Will the mortgage collapse blow a hole in bubble 2.0? We’re becoming increasingly persuaded that it will. Why? Because financial advertisers account for more than a third of all web advertising, and as the plunging share prices of investment banks clearly demonstrate, the mortgage crisis is affecting a lot more than the mortgage sector.
We’ve been focused on the mortgage problem since Nielsen’s list of top web advertisers in July showed that half of the top 10 were mortgage or credit-related marketers. The bullish argument, made by Motley Fool’s Rick Aristotle Munarriz and others, is that “Our current situation is nothing like the dot-com bubble that left markets in a sudsy mess in 2001.”
We agree with some of these arguments: Much of the last boom’s advertising dollars came from doomed companies, so ad budgets vanished along with them. The Internet is not a fad, and other media are collapsing as users migrate online. And the Web draws upon a wide range of advertisers, so even a worst-case scenario for the mortgage business won’t be a calamity.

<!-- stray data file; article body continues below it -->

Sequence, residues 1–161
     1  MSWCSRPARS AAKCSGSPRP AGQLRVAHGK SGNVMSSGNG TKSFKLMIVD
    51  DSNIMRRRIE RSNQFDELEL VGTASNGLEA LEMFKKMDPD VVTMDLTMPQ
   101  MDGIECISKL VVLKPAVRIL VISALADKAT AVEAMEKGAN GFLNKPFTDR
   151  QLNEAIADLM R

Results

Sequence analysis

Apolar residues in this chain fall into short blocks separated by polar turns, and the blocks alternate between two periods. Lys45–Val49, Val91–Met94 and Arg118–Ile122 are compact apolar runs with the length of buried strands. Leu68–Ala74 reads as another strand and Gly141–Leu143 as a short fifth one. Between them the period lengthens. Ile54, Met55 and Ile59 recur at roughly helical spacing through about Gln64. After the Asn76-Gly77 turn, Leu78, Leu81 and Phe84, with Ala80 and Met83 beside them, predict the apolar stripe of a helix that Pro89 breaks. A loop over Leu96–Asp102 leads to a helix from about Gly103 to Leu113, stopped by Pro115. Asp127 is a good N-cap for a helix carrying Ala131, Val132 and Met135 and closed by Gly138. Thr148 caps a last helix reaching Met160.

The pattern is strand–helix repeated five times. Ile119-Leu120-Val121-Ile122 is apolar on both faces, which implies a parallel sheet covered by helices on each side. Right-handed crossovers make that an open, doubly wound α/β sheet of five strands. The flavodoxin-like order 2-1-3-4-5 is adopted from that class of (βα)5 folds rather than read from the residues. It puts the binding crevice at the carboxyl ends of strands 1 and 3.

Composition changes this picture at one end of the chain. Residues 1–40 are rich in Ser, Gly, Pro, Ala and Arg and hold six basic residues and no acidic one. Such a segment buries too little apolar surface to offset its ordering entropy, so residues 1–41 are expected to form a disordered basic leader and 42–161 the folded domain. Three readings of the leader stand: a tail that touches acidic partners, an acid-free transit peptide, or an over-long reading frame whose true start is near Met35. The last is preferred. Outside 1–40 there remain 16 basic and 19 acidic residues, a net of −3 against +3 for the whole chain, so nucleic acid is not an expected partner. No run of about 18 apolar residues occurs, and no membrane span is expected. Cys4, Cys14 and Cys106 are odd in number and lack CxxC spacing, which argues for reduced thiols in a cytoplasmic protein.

But the mortgage collapse could still be the start of a big cyclical downturn. Bulls like Rick note that Bankrate (RATE) is doing fine, that TheStreet.com’s (TSCM) ad sales were up last quarter, and that Google (GOOG) continues to chug along. But as the Bubble 1.0 collapse also showed, this logic is irrelevant: The Internet leaders did fabulously for five years through June of 2000. And then, suddenly, they didn’t.
Two weeks ago, financial services advertisers made up the single largest sector on the web, accounting for 34% of all impressions, Nielsen reports. The mortgage industry is not an isolated corner of the financial services industry: it’s a big link in a tightly interlinked chain. There is no guarantee that mortgage problems will trigger problems in the broader industry and economy, but it’s a distinct possibility that they will. And online revenue doesn’t have to collapse the way it did in 2000 for online companies to get hurt and Internet stocks to get crushed. It just has to experience a normal advertising recession. The Motley Fool
Update: We’ve run the numbers. Here’s how bad the mortgage impact could be.